Illinois goes to the head of the e-recycling class
On my January 1st show, I talked about the new Illinois recycling law that had just gone into effect. Not quite a month later, it looks as though state recyclers are starting to cash in. That’s because he law expanded the number of covered electronic products in Illinois from four to seventeen. Here’s the full list:
- Computers ( laptop, notebook, netbook, tablet )
- Electronic Keyboards
- Facsimile Machines
- Videocassette Recorders
- Portable Digital Music Players
- Digital Video Disc Players
- Video Game Consoles
- Small Scale Servers
- Electronic Mice
- Digital Converter Boxes
- Cable Receivers
- Satellite Receivers
- Digital Video Disc Recorders
While reportedly you could be fined for throwing out any of these devices, it’s challenging to find any reference to that point on the IEPA website about the new law. The stated purpose of the law is to hold the manufacturers accountable for the growing amount of electronics in landfills. According to the IEPA: “For calendar year 2012 all manufacturers of the new list of covered electronic products must now register with the Illinois EPA and meet an annual recycling goal.” Any manufacturer not complying with the Illinois Electronic Products Recycling and Reuse Act is liable for a civil penalty not to exceed $10,000 for the violation and an additional civil penalty not to exceed $10,000 for each day the violation continues.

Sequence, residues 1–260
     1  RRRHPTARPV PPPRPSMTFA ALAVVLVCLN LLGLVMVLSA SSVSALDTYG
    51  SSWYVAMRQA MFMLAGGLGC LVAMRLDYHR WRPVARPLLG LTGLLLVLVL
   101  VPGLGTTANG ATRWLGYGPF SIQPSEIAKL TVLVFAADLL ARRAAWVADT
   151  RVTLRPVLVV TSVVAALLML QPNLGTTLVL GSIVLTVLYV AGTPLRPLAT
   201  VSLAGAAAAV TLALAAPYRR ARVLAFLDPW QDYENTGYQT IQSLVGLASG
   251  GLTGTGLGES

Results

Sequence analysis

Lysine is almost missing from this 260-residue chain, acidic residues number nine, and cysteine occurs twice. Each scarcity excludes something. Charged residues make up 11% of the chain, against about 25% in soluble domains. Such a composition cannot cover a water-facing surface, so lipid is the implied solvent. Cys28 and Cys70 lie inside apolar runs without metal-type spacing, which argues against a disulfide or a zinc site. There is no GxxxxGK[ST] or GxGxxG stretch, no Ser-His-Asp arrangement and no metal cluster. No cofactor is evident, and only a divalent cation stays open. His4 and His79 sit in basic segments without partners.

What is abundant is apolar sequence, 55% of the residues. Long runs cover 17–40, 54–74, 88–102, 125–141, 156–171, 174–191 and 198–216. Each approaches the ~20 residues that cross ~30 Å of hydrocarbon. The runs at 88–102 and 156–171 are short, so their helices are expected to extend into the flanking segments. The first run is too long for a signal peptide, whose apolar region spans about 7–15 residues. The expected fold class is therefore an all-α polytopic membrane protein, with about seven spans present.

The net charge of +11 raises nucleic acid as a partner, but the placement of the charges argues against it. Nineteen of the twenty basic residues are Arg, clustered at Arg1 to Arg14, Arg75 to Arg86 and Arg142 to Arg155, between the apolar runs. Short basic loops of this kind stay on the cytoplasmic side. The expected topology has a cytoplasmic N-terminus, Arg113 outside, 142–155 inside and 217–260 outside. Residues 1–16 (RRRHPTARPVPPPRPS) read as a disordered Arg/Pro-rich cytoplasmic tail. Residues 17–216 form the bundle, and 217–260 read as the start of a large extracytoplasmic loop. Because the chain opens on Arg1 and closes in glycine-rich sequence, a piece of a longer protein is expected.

Click here for a list of registered residential e-waste collection sites throughout the State of Illinois.
Mel Nickerson of the Environmental Law and Policy Center (ELPC), who helped author the amendments to Illinois’s e-cycling act and advocated for the original 2008 law, stops by the show today to talk about how Illinois has gone from one of the worst e-recyclers in the nation to one of the best. He is joined by Illinois State Representative Dan Biss, who, along with State Senator Susan Garrett, helped make this law a reality.
Learn about gardening at the Lincoln Park Zoo
That might sound a little odd, but even an institution like the Lincoln Park Zoo is surrounded by plants. In fact, the person who is in charge of those gardens is Lincoln Park Zoo Director of Horticulture Brian Houck, who stops by our new studios this morning to talk about a series of gardening seminars that starts this Wednesday, February 1. It’s called “Smart and Soulful Gardening,” and the response has been so great that the 6-7 p.m. seminar got filled immediately. So a second session was added for 7:30 to 8:30 p.m., as soon as they clear out the early crowd.
Houck says he wants to “make the joy of gardening accessible to everyone,” whether you’re a pro or a novice. Actually, he’s a guy I’ve wanted to meet for awhile now, so this is the perfect opportunity. The remaining workshops will include
Saturday, February 18 – Starting Seeds: Inviting Spring Inside
Saturday, May 5 Herb Window Boxes 101
Saturday, May 12 Wildlife-Friendly Gardening
Pre-registration is required for all programs. Registration closes three days prior to each program. Space is limited and some seminars require a registration fee. More information here.